Solving the problem of elderly patients in hospitals who don’t need to be there will require a major shift in our approach to elder care.
Hospital overcrowding is not a new issue. Limited bed spaces have plagued Ontario hospitals for years and are increasingly straining our system.
Not only are long wait times a normal expectation when patients arrive in the emergency department — a shameful situation — but providing care in a busy hospital hallway has also become an ordinary occurrence. The problem has become so significant that the Ontario government added 1,200 hospital beds last fall in response, a move that will cost $100 million and require the reopening of two shuttered Toronto hospitals.
This major investment underscores an even bigger problem. The two reopened hospital sites are dedicated exclusively to providing space for alternative level of care (ALC) patients. These are patients who remain in a hospital or other acute-care setting after they no longer need the services provided there. Because they cannot be placed in the care environment that would be most appropriate, they occupy beds that cannot then be used for those waiting for acute care.
The ALC problem is a significant one in many parts of Ontario. Around one in seven hospital beds in Ontario are dedicated to ALC patients. Many ALC patients share common characteristics: they are elderly, with a median age of 80, and often live alone. These patients are incapable of returning home after receiving care at the hospital due to their complex needs, and they deteriorate while awaiting placement in a more appropriate setting, most often a long-term-care home. The median wait time to receive residential care for ALC patients is 28 days.
ALC patients are a glaring reflection of our health system’s inability to address the needs of elderly patients with complex health challenges. At a time when the senior population is growing rapidly, the problem will only become more severe.
Our current approach is not working and it is bad medicine. Not only are high ALC rates costly, they constrain patients to stay in a setting that limits their mobility, accelerates their deterioration and makes them more susceptible to infections.
Attempts to tackle ALC rates have proven successful in some jurisdictions; for example, the use of prediction models to estimate time of discharge at the Royal Victoria Hospital in Barrie helped to arrange community support early and reduced ALC days (the proportion of a stay in hospital that is designated ALC) from 23 percent to 15 percent. However, most approaches focus on small-scale efficiencies and local factors, which have not succeeded in reducing the overall ALC burden.
Today, Ontario’s ALC rate remains troubling. Alongside the addition of new hospital beds last fall, the provincial government allocated an additional $40 million to providing specialized transitional care and supportive housing for seniors in long-term care and in the community.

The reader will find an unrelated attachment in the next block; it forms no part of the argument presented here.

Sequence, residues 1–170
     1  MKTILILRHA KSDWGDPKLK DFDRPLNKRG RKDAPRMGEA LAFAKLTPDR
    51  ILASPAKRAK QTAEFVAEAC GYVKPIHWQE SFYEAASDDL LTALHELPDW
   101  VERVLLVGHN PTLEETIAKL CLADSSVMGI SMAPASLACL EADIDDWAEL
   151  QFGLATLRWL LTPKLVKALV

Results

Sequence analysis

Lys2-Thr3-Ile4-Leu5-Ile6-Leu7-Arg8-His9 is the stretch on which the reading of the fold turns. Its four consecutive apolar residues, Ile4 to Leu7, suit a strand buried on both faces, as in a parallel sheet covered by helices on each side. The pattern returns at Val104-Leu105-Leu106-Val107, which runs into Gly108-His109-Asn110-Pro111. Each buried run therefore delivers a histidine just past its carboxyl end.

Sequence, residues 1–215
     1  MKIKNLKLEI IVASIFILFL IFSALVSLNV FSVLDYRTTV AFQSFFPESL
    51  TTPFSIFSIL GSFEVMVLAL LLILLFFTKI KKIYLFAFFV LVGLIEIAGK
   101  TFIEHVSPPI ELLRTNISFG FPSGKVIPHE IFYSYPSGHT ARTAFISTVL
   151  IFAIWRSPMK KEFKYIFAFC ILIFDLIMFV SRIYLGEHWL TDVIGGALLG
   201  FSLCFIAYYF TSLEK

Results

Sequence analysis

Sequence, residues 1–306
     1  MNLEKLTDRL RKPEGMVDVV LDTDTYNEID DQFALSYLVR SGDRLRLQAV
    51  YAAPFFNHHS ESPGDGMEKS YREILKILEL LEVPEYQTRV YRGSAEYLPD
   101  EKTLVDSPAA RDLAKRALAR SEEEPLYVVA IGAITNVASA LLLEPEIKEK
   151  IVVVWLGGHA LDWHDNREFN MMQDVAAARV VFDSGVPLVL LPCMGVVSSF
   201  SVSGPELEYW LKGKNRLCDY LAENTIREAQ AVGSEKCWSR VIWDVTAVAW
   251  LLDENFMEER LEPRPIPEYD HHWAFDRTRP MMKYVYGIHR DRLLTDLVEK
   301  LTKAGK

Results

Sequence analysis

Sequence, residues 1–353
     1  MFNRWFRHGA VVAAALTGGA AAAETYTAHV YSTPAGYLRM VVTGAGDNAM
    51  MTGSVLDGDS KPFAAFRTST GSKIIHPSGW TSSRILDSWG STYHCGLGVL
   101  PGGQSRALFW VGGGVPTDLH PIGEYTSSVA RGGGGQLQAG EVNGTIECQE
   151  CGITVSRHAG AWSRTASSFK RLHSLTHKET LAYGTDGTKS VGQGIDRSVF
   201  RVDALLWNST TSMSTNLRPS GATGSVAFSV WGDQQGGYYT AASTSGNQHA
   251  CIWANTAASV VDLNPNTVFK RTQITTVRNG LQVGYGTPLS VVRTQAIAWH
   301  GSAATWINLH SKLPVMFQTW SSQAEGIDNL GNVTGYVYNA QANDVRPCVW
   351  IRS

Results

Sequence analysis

While this is a good start, a long-term solution requires a fundamental shift in the way we care for the elderly. Involvement across the health care system, from front-line staff to hospital administrators and policy-makers, is needed. Practices like earlier screening of functional decline followed up by the arrangement of community supports, and applying best practices in discharge planning and patient-flow tracking systems, can all help reduce ALC days.
A clear component of the path forward must be to enable greater access to long-term care. We know that a major cause of ALC days is a shortage of long-term-care spaces. Canada currently spends 14 percent of its health care dollars on long-term care, which is lower than the average spent by 10 other OECD countries. A significant investment in more long-term-care spaces is needed to address the chronic shortage and to put supports in place that reflect the increasingly complex health needs of our aging population.
Many elders could with support remain at home. By bolstering community and home care supports, our system can become increasingly patient-centred in its care for our elderly population and can redirect patients who would otherwise be placed in long-term care.
At the same time, placement of ALC patients in long-term care is not always the best solution. Many can remain at home with increased supports and wish to do so. By bolstering community and home care supports, our system can become increasingly patient-centred in its care for our elderly population and can redirect some patients who would otherwise be placed in long-term care.
Increasing community supports must also include the often underappreciated members of the care team: informal caregivers. Many are reporting increasing levels of burnout and the inability to support their loved ones. Investments should focus on homemaking services, caregiver support and respite services, and new models of care such as group homes to care for high-risk seniors.
It is unlikely that these changes will be accomplished easily; these significant shifts require courage, collaboration and political will. We must come together and act decisively to meet the changing health care needs of our aging population and take pressure off our acute-care system.
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